Category: Farm

The part of the homestead we manage to grow things for profit.

We’ve Got Mail!

While the post office started delivering the odd junk mail a week or so ago, we’ve just been added to the online database and can now start receiving packages through other shipping methods. We’re still waiting on our mail forwarding to kick in, but I imagine it won’t be long now.

With the mail sorted, James has finally been able to order the next equipment we need for the solar expansion and we’ll have some new videos to make once that gets here.

Earthquake 301cc Woodchipper/Shredder

In the meantime, we’ve picked up a wood chipper/leaf shredder and an auger for digging post holes. We have also gotten some insulation to start getting the shed prepped to become a temperature controlled area to work in. I’ll be taking out some saplings and branches and stacking them for a chipping run, while making space for the ShelterLogic barn so we can get that set up. The auger will be used to get the posts installed for the compost bin and shelter, and the gate for the driveway.

I’m relieved to be able to get back to work!

Building a Compost Bin

Today, I worked on some project materials lists for our next few trips to the lumber store and listened to podcasts while I worked. Had a couple of good phone calls with my boys back in Ohio. This evening, I measured out a spot for our compost bin and scratched out a footprint for the first third of the final project. I’ve got a lot of tree roots to cut through and digging to get the spot level but the manual labor felt good.

Off Grid in Tennessee

We made it! Last week, we hauled our 5th wheel RV down to our property in Tennessee, dropped it off, returned to Ohio, loaded up our utility trailer and truck with gear, and returned to Tennessee.

We’ve now established solar power with a gasoline generator for backup, water storage via IBC totes and a 12v transfer pump, and installed a mailbox and registered for mail service. We’ve done laundry off grid, have a storage shed coming in a few days, and sorted out where to take our garbage.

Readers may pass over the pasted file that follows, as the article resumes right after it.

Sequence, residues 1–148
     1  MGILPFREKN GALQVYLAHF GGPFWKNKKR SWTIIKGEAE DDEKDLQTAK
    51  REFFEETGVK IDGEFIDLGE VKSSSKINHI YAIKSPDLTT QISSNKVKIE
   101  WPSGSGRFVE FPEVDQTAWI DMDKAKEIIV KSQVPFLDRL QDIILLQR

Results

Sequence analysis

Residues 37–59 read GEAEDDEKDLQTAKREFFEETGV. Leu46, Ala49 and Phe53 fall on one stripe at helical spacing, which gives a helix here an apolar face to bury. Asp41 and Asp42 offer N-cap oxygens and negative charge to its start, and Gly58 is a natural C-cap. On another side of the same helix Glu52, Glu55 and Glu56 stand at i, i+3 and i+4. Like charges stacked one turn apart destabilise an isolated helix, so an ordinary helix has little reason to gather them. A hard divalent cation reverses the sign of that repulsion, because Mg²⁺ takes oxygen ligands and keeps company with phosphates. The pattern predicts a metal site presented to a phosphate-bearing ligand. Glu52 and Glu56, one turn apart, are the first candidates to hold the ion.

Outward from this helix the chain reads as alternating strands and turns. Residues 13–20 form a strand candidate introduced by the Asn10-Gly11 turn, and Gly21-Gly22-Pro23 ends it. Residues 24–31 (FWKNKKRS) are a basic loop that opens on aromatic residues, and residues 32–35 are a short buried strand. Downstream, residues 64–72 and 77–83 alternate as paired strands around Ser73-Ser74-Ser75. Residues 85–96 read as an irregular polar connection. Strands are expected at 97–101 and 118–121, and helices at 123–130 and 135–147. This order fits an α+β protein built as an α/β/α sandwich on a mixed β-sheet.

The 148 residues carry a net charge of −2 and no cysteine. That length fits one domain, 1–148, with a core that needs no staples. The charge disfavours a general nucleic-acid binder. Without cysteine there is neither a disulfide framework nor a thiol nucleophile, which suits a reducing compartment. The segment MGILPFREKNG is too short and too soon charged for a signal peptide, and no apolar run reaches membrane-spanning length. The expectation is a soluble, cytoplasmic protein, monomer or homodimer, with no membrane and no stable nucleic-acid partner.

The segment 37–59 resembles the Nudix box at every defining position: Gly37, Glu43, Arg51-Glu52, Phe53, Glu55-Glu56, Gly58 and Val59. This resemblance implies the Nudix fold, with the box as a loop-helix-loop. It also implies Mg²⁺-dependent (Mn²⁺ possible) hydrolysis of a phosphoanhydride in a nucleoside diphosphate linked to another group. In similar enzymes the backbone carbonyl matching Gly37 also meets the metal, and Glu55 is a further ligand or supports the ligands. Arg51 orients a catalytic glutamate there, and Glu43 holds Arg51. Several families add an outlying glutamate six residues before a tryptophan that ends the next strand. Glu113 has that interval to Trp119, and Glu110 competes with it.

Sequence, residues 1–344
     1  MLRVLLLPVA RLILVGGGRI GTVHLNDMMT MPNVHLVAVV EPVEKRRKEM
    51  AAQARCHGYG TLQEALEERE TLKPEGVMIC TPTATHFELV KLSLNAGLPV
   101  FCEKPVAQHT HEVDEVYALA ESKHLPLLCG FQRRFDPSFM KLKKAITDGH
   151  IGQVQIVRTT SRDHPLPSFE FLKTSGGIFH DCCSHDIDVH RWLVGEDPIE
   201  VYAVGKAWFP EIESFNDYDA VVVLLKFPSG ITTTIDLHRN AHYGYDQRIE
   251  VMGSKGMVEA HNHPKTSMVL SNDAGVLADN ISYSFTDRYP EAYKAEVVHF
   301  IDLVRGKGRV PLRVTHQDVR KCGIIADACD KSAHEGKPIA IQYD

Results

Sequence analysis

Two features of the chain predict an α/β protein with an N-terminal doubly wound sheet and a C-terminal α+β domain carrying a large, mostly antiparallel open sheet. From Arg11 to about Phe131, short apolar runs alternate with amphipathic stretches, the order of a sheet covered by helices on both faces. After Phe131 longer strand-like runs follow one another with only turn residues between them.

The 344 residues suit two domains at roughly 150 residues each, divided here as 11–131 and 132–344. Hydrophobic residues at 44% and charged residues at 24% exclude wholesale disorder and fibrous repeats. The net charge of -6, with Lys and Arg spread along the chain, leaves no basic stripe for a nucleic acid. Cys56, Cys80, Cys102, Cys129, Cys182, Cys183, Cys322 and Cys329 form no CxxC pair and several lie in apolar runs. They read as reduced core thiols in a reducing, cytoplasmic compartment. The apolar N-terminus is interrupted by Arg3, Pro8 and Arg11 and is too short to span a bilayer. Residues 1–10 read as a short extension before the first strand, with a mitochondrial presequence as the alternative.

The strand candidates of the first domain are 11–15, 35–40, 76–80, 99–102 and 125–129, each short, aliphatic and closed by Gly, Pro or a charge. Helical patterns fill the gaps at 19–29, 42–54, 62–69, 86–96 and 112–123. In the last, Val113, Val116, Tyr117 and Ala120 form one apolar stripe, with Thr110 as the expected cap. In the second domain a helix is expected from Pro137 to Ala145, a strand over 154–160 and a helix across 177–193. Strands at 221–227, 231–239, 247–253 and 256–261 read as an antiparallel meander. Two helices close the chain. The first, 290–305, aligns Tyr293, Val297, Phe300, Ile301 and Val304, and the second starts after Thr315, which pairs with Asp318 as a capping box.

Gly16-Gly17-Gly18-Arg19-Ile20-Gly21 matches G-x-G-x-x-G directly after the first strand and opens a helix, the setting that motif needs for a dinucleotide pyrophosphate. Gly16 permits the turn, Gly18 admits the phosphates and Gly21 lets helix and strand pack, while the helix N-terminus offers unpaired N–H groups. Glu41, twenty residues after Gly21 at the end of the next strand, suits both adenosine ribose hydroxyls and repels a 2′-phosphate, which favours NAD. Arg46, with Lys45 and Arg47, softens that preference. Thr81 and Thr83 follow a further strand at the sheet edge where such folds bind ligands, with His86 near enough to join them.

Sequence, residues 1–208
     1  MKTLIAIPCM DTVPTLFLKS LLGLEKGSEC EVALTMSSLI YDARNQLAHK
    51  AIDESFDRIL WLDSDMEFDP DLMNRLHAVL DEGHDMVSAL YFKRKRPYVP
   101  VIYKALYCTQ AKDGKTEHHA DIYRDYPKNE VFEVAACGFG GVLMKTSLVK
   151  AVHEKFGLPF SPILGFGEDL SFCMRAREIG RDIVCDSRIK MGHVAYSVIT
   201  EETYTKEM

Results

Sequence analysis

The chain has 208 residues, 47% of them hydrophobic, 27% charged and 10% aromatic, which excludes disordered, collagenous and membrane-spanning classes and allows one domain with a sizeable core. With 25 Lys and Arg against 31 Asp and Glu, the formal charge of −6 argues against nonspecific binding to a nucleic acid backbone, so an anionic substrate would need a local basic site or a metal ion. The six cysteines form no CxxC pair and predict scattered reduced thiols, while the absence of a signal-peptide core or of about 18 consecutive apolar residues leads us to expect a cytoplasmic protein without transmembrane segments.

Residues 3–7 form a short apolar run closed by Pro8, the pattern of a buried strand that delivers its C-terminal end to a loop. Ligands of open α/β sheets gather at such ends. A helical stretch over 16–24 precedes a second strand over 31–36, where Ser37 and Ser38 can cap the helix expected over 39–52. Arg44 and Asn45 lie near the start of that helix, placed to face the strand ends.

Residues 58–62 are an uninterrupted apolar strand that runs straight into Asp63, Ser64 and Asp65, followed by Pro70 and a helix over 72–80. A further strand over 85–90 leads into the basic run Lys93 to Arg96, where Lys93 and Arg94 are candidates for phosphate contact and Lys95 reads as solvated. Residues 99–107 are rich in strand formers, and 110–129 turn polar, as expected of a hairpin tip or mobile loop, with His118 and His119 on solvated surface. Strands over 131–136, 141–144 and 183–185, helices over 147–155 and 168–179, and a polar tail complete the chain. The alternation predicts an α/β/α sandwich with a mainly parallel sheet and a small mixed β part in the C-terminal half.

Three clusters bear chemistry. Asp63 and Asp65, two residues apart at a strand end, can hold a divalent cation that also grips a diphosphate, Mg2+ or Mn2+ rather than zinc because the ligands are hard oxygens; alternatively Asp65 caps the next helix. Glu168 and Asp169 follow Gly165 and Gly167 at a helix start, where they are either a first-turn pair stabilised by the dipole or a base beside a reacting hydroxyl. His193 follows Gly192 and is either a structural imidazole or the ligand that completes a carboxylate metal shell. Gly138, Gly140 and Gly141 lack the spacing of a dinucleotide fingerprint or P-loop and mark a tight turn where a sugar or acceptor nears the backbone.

Our next projects include building a second solar array and running it parallel to the other series, setting up a composting site, installing an access gate, and building out the shed as a mechanical room for the solar equipment as well as storage.

We also made some new friends at the Self Reliance Festival in Camden, Tennessee!

Not bad for week one.

Check out our videos on YouTube and you can see some of our progress: https://www.youtube.com/user/dfvalkyrie/playlists

We’ve started a YouTube Channel

James and I thought it would be good to share what we’ve been doing via the video platforms that are available to us. We have had somethings hosted on Odysee but YouTube tends to be where more folks are accustomed to going and is more reliable with framerates.

Here is the link to the channel. I hope you enjoy!

Autumn Dawn Endeavors – YouTube

The ducks are 3 months old now

3 months old

We are all very impressed with how much the Muscovies have grown over such a short period of time. Granted, they eat more than the chickens, but I imagine that will slow some as their growth needs also slow. We have picked the 2 drakes we intend to keep to maturity and cull the other 4 next month. In the end, we will cull to just one after we decide which one does the better job with the girls.

I built a duck house for my Muscovy ducks

Ducks grow fast…

I ordered a dozen Muscovy duck eggs and hoped I would get at least a 50% hatch rate. Sadly, they were delayed in the mail as, all of my live orders have been since covid, and we had only 2 live hatches. One died a few days later. I had one lonely duckling and so we turned to Craigslist and found someone who had hatched some Muscovies a few days before us.

Suddenly, we had 10 ducklings and they filled their brooder quickly. It began to get difficult for them to move around without bumping in to one another. We took them outside on hot sunny days to give them a little more space until bedtime.

Ducks enjoy a Picnic!

But this would not do for the long-term.

I gathered some leftover lumber, some cattle panels meant for the garden, bought a heavy-duty tarp from Tractor Supply, and repurposed some other odds and ends. Now my 10 little ducklings have a roughly 8×8′ duck pen to call home. I am sure it will evolve over time, but it is in a hard fenced area and will be adequate for the summer.

Success!

Pig House v.3

Pig House number one was merely an extra-large dog crate covered in an old blanket for insulation and a tarp for water shedding. Pig House number two was 2 pallets screwed together as an A-frame with a few boards nailed across the bottom for bracing and some plastic stapled to the top. The pigs have outgrown both, though somehow they still cram themselves into the dog crate together to cuddle.

It was time for a thorough upgrade:

Labrador thinks it’s awesome!

I used some pallets, some extra sheets of plywood, and a 2×4 and made a large shelter for my pigs. It should be nice and airy through the summer and easy to amend for winterization. We added a thin coat of white paint to help the water shed from the wood. Come winter, I’ll close the ends and probably 2/3 of the front.